The 7805 has three leads. You need to make sure you get the polarity right when you install the capacitor. input voltage (7 to 30 volts). and the second capacitor acts as a load balancer to ensure consistent output from the 7805. You can build this regulator on your breadboard. To connect the regulator to the transformer. The following figure shows you the wiring: . the three leads are. you need to understand how a breadboard is internally wired. The "+" sign indicates that electrolytic capacitors are polarized: There is a positive and a negative terminal on an electrolytic capacitor (one of which will be marked).transformer so that the 7805 is receiving a smooth input voltage. and output voltage (5 volts). To do this. ground. If you look at the 7805 from the front (the side with printing on it). you can use this configuration: The two capacitors are represented by parallel lines. from left to right.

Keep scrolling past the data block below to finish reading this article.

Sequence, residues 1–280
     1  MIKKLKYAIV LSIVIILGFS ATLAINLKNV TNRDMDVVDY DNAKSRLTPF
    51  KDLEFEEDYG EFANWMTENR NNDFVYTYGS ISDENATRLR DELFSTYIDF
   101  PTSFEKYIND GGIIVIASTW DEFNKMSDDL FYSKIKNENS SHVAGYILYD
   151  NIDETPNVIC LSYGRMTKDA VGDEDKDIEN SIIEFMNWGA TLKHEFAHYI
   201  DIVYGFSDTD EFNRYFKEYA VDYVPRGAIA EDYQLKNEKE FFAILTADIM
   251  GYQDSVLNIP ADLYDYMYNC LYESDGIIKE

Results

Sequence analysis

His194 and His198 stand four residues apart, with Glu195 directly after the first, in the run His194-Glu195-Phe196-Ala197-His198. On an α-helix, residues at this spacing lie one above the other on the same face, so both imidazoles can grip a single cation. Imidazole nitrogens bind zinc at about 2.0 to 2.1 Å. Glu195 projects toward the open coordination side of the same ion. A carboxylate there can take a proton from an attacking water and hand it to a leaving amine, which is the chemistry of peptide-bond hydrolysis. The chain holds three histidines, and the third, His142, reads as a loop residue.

6. Connect the ground wire of the transformer to one of the long outer strips on the breadboard. Connect ground from the terminal strip to the middle lead of the 7805 with a wire -simply cut a short piece of wire. 5. the meter measures resistance. and then stick wires at different points in the breadboard (the test leads for the meter are likely too thick to fit in the breadboard's holes). Down the center of the board is a channel.On the outer edges of the breadboard are two lines of terminals running the length of the board. All of these terminals are internally connected. Connect the positive wire from the transformer to the left lead (input) of the 7805. strip off both ends and plug them in. 7. Typically. Connect a capacitor from the left lead of the 7805 to ground. On either side of the channel are sets of five interconnected terminals. It might look like this when you are done (two views): . Another way to see the connections is to pull back the sticker on the back of the breadboard a bit and see the metal connectors. In the ohm setting. You can use your volt-ohm meter to see the interconnections. Connect the 5-volt lead of 7805 to the other long outer terminal strip on the breadboard. Connect the second capacitor between the 5-volt and ground strips. 3. Resistance will be zero if there is a connection between two points (touch the leads together to see this). and infinite if there is no connection (hold the leads apart to see this). You will find that points on the board really are interconnected as shown in the diagram. Plug the 7805 into three of the five-hole rows. 2. Now connect the parts for your regulator: 1. You have created your regulator. 4. paying attention to the polarity. Set the meter's dial to its ohm setting. you run +5 volts down one of them and ground down the other.